Why have young people in Japan stopped having sex?


#1

The Guardian:

Why have young people in Japan stopped having sex?

[snip]
Japan’s under-40s appear to be losing interest in conventional relationships. Millions aren’t even dating, and increasing numbers can’t be bothered with sex. For their government, “celibacy syndrome” is part of a looming national catastrophe. Japan already has one of the world’s lowest birth rates. Its population of 126 million, which has been shrinking for the past decade, is projected to plunge a further one-third by 2060. Aoyama believes the country is experiencing “a flight from human intimacy” – and it’s partly the government’s fault.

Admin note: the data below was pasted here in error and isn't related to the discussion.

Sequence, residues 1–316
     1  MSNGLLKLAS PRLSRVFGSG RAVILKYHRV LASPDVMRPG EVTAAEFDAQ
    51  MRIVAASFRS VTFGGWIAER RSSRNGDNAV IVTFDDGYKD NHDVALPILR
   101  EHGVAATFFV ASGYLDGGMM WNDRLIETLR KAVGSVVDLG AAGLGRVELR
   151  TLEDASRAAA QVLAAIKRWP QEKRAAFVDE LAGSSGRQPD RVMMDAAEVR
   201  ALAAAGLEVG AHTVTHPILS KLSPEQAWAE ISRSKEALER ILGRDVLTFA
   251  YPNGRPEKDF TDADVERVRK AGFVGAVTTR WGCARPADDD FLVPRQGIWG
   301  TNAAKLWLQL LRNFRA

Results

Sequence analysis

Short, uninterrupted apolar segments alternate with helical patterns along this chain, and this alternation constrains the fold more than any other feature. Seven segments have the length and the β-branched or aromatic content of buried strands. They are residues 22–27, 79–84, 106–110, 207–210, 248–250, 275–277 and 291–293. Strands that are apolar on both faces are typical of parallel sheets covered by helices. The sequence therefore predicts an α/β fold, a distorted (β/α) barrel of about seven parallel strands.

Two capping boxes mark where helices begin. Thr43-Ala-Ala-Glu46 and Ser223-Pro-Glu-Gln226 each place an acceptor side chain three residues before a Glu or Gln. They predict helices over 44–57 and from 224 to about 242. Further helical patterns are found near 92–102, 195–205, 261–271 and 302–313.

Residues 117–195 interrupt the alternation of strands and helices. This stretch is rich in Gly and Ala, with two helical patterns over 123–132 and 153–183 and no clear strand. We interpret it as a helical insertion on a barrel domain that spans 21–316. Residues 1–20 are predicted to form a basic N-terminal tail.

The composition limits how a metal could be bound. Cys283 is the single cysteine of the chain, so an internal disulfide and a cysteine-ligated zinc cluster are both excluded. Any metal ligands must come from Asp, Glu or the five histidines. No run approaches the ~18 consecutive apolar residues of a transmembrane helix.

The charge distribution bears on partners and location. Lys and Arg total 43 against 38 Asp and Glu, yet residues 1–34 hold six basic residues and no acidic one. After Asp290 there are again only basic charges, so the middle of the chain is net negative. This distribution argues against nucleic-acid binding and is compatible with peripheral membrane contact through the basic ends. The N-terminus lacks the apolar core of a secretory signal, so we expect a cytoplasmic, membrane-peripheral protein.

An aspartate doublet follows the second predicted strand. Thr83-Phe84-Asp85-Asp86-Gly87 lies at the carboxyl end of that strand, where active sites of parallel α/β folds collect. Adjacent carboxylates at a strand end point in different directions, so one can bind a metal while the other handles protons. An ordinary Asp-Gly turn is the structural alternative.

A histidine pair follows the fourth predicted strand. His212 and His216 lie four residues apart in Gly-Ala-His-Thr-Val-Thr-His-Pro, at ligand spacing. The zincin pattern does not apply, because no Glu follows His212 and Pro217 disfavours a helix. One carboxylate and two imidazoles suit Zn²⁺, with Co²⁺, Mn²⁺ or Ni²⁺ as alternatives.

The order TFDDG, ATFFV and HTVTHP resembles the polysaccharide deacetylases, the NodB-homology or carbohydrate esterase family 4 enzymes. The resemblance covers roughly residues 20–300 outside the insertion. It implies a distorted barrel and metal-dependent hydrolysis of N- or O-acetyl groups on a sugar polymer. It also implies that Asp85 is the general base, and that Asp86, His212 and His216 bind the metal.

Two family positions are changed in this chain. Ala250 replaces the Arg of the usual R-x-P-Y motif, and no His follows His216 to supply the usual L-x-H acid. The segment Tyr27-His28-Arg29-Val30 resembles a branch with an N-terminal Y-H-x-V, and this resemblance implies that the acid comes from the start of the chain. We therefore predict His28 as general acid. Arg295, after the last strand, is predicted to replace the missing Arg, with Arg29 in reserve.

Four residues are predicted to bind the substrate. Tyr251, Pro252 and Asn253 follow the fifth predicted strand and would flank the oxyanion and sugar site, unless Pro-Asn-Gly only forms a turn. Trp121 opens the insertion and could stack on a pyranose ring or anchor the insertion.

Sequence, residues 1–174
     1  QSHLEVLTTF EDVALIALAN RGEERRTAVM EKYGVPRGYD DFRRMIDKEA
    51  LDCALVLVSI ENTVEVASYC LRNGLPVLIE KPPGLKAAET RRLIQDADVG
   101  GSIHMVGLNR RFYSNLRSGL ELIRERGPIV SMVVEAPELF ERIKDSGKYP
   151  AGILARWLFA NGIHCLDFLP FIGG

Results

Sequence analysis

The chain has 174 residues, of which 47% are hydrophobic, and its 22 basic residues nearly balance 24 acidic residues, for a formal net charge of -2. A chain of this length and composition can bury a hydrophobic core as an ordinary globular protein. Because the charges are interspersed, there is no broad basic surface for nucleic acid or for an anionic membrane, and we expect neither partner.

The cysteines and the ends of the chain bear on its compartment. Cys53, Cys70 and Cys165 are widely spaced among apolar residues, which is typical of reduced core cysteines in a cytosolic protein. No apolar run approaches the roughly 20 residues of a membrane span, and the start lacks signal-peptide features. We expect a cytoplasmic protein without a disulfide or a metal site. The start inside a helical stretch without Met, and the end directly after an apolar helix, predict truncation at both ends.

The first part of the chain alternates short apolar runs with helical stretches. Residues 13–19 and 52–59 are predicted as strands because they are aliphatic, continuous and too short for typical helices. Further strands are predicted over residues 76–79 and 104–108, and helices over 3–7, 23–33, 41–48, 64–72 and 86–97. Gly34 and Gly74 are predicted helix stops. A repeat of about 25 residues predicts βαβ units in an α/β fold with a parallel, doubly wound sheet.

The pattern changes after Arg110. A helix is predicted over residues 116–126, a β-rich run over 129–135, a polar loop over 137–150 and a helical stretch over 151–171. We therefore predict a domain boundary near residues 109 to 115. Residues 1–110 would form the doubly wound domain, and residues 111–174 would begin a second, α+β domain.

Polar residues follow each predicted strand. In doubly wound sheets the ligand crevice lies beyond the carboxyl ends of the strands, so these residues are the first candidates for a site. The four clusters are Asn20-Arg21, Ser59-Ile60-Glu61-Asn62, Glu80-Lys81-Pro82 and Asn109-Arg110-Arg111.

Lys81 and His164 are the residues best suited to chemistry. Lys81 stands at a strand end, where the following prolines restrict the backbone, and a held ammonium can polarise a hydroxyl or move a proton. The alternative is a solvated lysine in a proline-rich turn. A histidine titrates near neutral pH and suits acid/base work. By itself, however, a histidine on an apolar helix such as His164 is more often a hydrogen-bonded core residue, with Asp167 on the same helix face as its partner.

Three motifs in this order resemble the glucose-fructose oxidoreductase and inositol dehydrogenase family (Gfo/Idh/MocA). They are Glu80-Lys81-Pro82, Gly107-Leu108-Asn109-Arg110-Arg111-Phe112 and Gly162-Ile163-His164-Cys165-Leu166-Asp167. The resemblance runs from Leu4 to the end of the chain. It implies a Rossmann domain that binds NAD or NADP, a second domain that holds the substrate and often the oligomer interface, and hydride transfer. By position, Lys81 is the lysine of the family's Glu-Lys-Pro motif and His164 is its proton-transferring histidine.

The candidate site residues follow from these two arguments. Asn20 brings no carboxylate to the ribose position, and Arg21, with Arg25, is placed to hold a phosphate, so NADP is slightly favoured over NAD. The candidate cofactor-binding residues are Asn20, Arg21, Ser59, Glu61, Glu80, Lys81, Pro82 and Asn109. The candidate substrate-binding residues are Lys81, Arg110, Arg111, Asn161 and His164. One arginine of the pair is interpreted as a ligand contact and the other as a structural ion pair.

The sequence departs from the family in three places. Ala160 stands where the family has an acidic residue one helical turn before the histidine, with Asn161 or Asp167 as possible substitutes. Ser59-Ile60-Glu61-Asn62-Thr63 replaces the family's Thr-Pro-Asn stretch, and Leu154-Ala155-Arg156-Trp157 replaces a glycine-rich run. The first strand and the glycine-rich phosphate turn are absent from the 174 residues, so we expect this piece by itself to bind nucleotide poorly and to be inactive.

[snip]
The number of single people has reached a record high. A survey in 2011 found that 61% of unmarried men and 49% of women aged 18-34 were not in any kind of romantic relationship, a rise of almost 10% from five years earlier. Another study found that a third of people under 30 had never dated at all. (There are no figures for same-sex relationships.) Although there has long been a pragmatic separation of love and sex in Japan – a country mostly free of religious morals – sex fares no better. A survey earlier this year by the Japan Family Planning Association (JFPA) found that 45% of women aged 16-24 “were not interested in or despised sexual contact”. More than a quarter of men felt the same way.
[snip]